Lenten rose & Ashwood hybrids (H. orientalis syn. hybridus)
Blooming slightly later than H. niger, the Lenten rose has beautiful pink flowers that should be a staple in any late winter-spring border. The name comes from its proclivity to bloom around Lent, however blooming times (and the observance of Lent itself) vary slightly from year to year.
H. orientalis hybridises freely, and so plants are often labelled as H. x hybridus.
Of these hybrids, those held in highest regard are the Ashwood hybrids, which were created by the hellebore specialists at Ashwood nurseries. They come in a stunning range of colours, often with contrasting interior freckling.
They also are celebrated for their hardy constitution, meaning they are more robust and reliable than most species.
Lift up the drooping flowers of many hellebore hybirds and you'll see the dainty freckles inside.
Stinking hellebore (H. foetidus)
Despite its unpleasant name, this short-lived perennial has attractive green foliage and acid-green flowers edged with purple.
Along with other hellebores, they are much beloved by bees for their early nectar and are essential in a wildlife garden. They will self-seed and are named for their pungent foliage.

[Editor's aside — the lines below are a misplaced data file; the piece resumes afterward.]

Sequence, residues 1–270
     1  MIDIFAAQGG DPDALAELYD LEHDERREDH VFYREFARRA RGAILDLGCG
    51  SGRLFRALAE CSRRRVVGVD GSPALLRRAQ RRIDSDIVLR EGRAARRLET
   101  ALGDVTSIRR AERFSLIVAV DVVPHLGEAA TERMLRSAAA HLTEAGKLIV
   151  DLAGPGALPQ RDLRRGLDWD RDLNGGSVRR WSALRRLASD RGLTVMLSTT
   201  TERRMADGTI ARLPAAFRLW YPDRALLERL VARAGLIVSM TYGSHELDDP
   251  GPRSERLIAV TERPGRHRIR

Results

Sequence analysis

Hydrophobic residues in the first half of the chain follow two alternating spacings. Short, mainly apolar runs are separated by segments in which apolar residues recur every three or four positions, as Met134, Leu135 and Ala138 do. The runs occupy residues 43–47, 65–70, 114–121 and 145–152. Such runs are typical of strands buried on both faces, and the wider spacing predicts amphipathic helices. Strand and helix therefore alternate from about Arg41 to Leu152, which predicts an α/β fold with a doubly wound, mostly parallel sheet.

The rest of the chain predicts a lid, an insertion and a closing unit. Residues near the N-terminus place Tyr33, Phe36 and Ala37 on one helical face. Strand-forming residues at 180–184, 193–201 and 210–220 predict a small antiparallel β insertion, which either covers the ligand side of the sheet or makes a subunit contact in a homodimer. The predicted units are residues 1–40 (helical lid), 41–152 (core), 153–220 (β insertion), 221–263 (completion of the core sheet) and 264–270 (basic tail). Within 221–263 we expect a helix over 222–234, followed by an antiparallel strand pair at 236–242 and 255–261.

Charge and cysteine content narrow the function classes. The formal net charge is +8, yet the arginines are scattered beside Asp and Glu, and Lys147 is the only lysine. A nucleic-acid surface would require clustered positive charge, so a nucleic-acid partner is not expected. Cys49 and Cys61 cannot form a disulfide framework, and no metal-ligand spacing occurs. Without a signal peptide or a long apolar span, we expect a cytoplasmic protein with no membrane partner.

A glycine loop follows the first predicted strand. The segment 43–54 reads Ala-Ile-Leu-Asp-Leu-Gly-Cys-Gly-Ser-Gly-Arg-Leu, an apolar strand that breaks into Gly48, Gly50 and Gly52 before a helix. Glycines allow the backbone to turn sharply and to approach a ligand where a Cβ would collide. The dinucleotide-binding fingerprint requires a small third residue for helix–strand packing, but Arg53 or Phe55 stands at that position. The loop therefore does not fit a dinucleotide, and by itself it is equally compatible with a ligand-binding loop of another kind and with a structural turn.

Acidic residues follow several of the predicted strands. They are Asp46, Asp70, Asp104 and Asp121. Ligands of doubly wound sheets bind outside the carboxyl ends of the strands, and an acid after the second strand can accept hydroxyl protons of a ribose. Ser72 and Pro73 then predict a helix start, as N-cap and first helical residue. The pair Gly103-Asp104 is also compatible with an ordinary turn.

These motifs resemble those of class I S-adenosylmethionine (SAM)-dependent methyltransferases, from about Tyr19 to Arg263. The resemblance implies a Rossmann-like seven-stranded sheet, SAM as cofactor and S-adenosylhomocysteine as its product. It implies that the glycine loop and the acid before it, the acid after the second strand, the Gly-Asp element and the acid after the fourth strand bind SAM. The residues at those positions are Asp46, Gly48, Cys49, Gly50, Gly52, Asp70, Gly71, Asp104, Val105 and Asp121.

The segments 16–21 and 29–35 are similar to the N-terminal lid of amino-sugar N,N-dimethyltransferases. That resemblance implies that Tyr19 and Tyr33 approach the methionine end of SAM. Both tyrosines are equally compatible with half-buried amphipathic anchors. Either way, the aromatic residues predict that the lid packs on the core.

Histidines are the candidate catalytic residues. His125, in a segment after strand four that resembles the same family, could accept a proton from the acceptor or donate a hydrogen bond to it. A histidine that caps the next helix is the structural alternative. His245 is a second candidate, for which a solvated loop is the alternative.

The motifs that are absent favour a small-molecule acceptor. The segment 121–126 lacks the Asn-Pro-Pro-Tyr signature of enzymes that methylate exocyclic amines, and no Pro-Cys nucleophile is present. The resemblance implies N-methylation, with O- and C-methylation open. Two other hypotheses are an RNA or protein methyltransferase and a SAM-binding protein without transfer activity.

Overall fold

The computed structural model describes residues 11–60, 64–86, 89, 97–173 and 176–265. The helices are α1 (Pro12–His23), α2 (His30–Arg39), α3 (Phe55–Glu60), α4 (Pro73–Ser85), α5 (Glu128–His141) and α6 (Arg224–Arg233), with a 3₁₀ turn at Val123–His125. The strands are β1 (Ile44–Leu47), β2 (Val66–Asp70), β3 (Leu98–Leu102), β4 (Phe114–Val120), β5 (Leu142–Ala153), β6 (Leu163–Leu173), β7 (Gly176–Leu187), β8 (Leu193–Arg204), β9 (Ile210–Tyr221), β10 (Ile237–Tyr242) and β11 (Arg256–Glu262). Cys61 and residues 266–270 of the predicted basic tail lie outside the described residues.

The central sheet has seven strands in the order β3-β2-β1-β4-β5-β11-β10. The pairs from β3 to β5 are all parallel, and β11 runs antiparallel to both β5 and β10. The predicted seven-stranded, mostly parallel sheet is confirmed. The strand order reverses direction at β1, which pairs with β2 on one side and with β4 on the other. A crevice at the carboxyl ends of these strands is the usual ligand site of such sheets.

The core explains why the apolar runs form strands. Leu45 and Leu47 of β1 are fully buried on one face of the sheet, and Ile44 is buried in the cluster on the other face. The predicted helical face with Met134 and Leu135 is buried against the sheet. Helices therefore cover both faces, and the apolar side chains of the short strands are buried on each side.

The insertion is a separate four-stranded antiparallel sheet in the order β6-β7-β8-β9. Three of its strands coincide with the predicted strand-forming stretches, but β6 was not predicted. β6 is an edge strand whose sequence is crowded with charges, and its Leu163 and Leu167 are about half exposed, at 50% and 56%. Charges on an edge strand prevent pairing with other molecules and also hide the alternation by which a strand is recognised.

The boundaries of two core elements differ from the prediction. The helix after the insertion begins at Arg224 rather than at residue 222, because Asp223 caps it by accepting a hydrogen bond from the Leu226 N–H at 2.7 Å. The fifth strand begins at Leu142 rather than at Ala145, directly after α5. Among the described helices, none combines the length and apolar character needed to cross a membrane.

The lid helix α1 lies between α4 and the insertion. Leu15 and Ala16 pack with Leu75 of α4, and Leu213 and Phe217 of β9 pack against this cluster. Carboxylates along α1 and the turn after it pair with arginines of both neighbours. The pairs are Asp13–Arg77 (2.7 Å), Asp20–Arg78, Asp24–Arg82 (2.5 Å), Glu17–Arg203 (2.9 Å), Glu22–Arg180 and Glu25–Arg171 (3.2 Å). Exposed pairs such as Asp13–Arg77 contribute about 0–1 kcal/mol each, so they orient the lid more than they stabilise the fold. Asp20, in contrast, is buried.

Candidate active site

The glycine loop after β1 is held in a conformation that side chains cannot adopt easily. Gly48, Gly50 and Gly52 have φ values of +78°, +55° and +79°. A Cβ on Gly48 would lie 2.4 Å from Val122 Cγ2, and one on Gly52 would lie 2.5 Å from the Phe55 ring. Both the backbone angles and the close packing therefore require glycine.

Holly-leaved hellebore (H. argutifolius syn. lividus subsp. corsicus)
A giant compared to some other hellebores, this plant can reach a metre in height when in flower. The nodding blooms are pale gree and the foliage is stout, delicately veined and prickly.
H. lividus is closely related to H. argutifolius and often has beautiful silvery veining on its foliage.
Marble and vein-leaved varieties
In addition to their charming flowers, some hellebores have been bred to have intricately marbled foliage.
Varieties to consider: ‘Purple Marble’, ‘Janet Starnes’, ‘Snow fever’, ‘Penny’s Pink’ and ‘Moonlit Marble’.
Tibetan hellebore (H. thibetanus)
Fancy a challenge? The Tibetan hellebore is beloved by enthusiasts for its fragile beauty.
This deciduous plant goes dormant from late summer until early spring, at which time it produces new foliage and delicate flowers comparable to crushed silk.